“We need the tonic of wildness.” With that quote from Thoreau, President Richard Nixon began his signing statement for the Wild and Free-Roaming Horses and Burros Act.
This week marks the 49thanniversary of that landmark bipartisan legislation. It made it a crime to harass or kill unbranded, unclaimed wild horses and burros on public lands, tasked the departments of the Interior and Agriculture with their management and protection, and required studies of these iconic animals and their habitats so that land could be set aside for their use.
“In the past 70 years…, civilization and economics have brought them to 99 percent extinction–so that on the public lands today there remain only about 9,500 unbranded and unclaimed horses and 11,000 free-roaming burros…,” Nixon wrote, in part. “With the depletion continuing apace, immediate and effective measures are clearly needed to prevent the complete extermination of the wild breeds — and with it the death of part of the frontier spirit.”
Nixon gave special credit to a youth letter-writing campaign, spurred by Velma Johnston, better known as “Wild Horse Annie.”
Wrote Nixon, “Wild horses and burros merit man’s protection historically–for they are a living link with the days of the conquistadors, through the heroic times of the Western Indians and the pioneers, to our own day when the tonic of wildness seems all too scarce. More than that, they merit it as a matter of ecological right–as anyone knows who has ever stood awed at the indomitable spirit and sheer energy of a mustang running free.”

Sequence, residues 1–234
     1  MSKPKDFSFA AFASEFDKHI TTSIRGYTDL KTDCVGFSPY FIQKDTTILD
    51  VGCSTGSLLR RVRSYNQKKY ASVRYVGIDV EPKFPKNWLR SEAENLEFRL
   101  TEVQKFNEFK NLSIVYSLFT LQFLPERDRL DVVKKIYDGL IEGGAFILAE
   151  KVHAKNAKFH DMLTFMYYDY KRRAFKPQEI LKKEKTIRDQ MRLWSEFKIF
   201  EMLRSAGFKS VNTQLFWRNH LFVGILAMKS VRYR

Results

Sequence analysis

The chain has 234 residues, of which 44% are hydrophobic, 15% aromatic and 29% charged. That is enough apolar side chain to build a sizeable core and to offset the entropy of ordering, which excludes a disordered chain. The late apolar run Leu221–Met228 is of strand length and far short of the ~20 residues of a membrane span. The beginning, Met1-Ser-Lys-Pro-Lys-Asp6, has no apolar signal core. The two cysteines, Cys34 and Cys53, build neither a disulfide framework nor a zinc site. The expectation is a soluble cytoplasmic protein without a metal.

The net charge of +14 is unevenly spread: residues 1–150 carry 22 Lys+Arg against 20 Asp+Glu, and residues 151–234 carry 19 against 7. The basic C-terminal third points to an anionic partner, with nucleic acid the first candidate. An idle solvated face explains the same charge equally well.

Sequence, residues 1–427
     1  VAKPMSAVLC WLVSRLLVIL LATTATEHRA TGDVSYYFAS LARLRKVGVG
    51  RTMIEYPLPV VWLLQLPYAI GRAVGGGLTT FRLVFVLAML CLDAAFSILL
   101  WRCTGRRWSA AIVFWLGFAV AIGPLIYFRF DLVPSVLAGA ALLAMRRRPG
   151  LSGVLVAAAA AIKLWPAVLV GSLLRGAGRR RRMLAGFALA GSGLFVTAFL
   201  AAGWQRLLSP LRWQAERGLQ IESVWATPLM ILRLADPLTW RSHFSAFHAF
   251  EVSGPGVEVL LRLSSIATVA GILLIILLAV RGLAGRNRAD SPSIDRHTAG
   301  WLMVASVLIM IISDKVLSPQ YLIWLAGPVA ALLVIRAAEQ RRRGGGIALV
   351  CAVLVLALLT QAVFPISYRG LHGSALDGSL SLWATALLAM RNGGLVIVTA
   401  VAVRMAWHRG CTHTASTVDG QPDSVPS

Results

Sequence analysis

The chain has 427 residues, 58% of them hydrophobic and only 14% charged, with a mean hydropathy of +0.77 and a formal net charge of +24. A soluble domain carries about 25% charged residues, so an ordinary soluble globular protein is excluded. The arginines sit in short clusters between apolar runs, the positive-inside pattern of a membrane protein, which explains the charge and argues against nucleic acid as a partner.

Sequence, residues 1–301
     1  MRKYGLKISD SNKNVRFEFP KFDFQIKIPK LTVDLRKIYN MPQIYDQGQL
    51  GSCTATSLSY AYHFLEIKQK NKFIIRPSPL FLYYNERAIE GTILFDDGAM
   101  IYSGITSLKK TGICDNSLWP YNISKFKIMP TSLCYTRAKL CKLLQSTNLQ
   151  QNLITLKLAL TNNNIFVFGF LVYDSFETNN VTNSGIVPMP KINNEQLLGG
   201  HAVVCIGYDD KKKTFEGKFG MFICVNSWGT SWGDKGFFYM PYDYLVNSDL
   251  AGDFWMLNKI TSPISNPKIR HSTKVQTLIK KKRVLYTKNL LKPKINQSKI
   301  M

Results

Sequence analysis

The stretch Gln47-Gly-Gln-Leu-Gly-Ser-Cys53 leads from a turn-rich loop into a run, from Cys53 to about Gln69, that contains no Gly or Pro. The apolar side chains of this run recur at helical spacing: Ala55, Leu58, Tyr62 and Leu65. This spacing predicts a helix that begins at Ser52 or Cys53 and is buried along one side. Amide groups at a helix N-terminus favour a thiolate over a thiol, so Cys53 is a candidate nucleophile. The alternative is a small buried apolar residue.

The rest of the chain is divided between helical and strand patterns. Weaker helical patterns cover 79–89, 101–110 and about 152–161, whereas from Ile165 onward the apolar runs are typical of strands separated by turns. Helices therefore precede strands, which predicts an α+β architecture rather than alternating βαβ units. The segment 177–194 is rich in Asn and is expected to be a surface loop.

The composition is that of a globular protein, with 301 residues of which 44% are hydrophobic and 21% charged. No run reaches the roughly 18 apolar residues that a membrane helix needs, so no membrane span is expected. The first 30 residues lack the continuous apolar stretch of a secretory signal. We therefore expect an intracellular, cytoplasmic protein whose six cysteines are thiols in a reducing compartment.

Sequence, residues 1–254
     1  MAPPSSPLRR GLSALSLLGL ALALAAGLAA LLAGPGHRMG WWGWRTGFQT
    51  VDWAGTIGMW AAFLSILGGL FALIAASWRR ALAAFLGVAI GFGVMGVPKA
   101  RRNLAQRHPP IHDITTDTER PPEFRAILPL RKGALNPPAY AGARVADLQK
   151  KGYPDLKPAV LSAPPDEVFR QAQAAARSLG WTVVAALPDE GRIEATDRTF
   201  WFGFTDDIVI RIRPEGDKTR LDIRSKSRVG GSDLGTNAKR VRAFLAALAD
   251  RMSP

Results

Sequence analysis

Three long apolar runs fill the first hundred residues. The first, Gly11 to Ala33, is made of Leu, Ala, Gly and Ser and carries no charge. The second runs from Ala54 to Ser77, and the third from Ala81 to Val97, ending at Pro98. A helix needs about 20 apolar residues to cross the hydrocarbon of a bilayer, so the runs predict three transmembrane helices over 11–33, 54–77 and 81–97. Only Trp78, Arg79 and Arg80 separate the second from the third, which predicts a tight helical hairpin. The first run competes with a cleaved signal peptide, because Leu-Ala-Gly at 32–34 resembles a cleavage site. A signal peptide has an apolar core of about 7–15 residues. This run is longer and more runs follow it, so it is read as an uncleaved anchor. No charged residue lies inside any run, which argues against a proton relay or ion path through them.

Though the Bureau of Land Management and U.S. Forest Service have long struggled with their legal mandates, the spirit and intent of the Wild and Free-Roaming Horses and Burros Act continues to drive Return to Freedom toward a day when wild herds humanely managed and their presence on our public lands a fact for generations still to come. It is a promise that we intend to see kept.
RTF continues the fight to protect America’s wild horses and burros and end horse slaughter.
Please consider giving a gift that supports wild horse conservation and sanctuary all year long:
–If you wish to support our advocacy work to end horse slaughter and to protect and preserve wild horses and burros on their rightful rangelands, consider making a donation in someone’s name to our Wild Horse Defense Fund.
—Gifts can be made in honor or memory of a loved one, friend or colleague. A personalized email, postcard or card will be sent to the recipient acknowledging your thoughtful gift in their name.
–You can also sponsor one of the more than 500 wild horses and burros that live at our sanctuary locations.